So here is God’s back-up plan to provide for Elijah.
Go to a widow in Zarephath,
and she will supply you with food.
A widow was like a human wadi, economically speaking.
She only had resources when it rained, as it were.
When good fortune, or good people, would send it her way.
Without property or inheritance to leverage,
it was just her own ingenuity and luck and good weather,
that she could feed her family.

So . . . weeks or months into a drought,
God sends Elijah to a widow, with a dependant son,
and Elijah asks her to feed him.
And even though she had only the dregs of the barrel remaining,
she fed him.
And, we’re told, her jars kept auto-refilling, with flour and oil.
She kept feeding him, and never ran out.

This is more than just another miracle story.
It’s not written to prove to modern rationalists
that God can conjure up flour and oil on the spot.
No, this is about God’s invitation to us,
to step into the shadows,
that we might know the grace and mercy of God;
to put ourselves in places of need, and dependence,
and grief, and despair, and to face even threat of death;
to go where we are called,
and obey God’s commands as if our lives depended on it.

The story goes on.
The widow must do precisely what Elijah does—
keep walking toward death, toward grief, toward need,
and trust that God’s impulse toward life will show up.
Her only son died.
Her emotional, social, and economic security, died.
But then, as we heard, life showed up.
One of a handful of resurrection stories in scripture,
again, this is not here to prove, or even suggest,
that God can, or will, raise the dead when needed.
This story, and others like it,
do not deny the pain and agony and inevitability of death
that we all face, in one way or another.
No, they are invitations to go where God is going—
toward life.
This is the trajectory of God’s activity in the world: toward life.

Death remains with us.
The finality, and unfairness, and raw pain of death remains.
But God’s love transcends all that.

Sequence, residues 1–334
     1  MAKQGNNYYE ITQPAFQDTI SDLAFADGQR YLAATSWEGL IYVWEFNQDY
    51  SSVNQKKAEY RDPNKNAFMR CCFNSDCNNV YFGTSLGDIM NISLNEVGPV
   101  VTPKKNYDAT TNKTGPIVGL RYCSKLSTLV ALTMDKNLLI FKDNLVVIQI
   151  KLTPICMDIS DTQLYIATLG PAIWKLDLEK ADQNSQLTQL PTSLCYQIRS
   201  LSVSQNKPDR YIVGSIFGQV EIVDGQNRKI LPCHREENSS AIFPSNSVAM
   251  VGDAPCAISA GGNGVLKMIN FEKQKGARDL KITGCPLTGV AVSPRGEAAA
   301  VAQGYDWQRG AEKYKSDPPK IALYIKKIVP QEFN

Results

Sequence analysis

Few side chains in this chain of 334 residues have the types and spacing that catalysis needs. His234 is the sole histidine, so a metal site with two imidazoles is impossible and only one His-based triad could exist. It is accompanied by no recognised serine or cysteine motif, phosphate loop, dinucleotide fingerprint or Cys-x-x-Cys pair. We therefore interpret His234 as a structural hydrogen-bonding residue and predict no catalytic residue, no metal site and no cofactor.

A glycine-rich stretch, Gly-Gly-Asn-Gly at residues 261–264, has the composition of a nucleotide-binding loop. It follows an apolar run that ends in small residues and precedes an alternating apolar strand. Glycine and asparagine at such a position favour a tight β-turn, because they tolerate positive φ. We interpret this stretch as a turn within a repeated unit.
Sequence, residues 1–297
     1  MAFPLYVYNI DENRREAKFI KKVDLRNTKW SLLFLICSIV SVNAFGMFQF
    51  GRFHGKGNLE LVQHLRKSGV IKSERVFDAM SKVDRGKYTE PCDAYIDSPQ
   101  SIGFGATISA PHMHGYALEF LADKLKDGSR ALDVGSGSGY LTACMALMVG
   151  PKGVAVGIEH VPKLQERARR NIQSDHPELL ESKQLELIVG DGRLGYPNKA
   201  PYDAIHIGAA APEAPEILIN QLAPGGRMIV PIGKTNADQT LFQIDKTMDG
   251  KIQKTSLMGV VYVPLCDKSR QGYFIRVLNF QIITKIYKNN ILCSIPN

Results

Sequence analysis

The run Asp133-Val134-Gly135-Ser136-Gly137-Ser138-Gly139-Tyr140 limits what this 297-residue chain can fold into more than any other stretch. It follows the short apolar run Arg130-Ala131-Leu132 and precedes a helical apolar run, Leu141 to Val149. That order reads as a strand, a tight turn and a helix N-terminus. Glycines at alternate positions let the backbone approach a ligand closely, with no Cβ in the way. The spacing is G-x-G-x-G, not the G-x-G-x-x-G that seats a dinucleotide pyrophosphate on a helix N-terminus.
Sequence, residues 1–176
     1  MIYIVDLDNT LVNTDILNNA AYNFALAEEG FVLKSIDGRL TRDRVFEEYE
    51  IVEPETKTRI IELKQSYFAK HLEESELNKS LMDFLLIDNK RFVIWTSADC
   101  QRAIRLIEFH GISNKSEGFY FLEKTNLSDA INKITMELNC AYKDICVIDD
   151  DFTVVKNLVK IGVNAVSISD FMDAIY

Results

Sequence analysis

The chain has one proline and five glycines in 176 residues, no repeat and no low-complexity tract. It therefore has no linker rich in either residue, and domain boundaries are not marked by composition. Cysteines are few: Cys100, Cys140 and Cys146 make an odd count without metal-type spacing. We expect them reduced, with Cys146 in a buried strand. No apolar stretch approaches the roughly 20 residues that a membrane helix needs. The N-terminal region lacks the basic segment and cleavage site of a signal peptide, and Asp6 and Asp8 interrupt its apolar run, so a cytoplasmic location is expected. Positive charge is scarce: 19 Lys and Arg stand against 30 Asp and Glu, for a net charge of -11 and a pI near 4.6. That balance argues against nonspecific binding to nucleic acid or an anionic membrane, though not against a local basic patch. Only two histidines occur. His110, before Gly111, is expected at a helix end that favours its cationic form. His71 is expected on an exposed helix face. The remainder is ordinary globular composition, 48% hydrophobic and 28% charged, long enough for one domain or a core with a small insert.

God love and provision puts it all in perspective,
if we trust God enough to let ourselves sit in that state of need.

In a few moments, we will hear the names read aloud,
and see the faces,
of those at Park View who died in the last 12 months.
And we are all going to be hit, once again,
with a wide range of emotions—
from gratitude and love,
to deep sorrow and grief, and very possibly, anger.

This is hard stuff, there is no denying it.
Grieving is hard . . .
Living is hard . . . . . .
Being an American right now, is hard.
There is so much death all around us.

The invitation from God today
is to not lose ourselves in that,
but to name our hope in the God who is pointing us toward life,
the God who is leading us toward life,
and provides the food we need for this journey—
for the grieving journey, for
This. Grievous. Journey.
We are not alone.
Even beside a wadi, or at the mercy of ravens.
Even in a house of the poor and destitute.
We are not alone.

God is pointing toward life.

You remember some of the phrases we just sang moments ago,
in “Give thanks for life”?

“Mortal, we pass through beauty that decays . . .
thanks for the love by which our life is fed,
a love not changed by time or death or dread . . .
for hope, that like the grain
lying in darkness does its life retain,
in resurrection to grow green again, Alleluia!”

I invite us all now to a time of reflection,
of feeling, of sitting in the shadows,
and reaching for the light,
as we first listen to the reading of the names
of the 10 persons at Park View who have died
since our last All Saints Day.
I will read the names, and after each one a bell will toll,
and Pastor Paula will read a verse of scripture.

After all the names are read,
you are invited to light the candle or candles
you have prepared at home.

Light them, and allow yourself to feel the loss you are naming,
and to feel the hope you are enacting by lighting that candle.
While you light the candles,
the quartet will be singing “Go, silent friend.”
You may just listen, and meditate.
Or if you wish to sing along, the song in your bulletin.

And now, we remember with thanksgiving,
sisters and brothers from this congregation,
whom we have entrusted to God and who now rest from their labors.

—Phil Kniss, November 1, 2020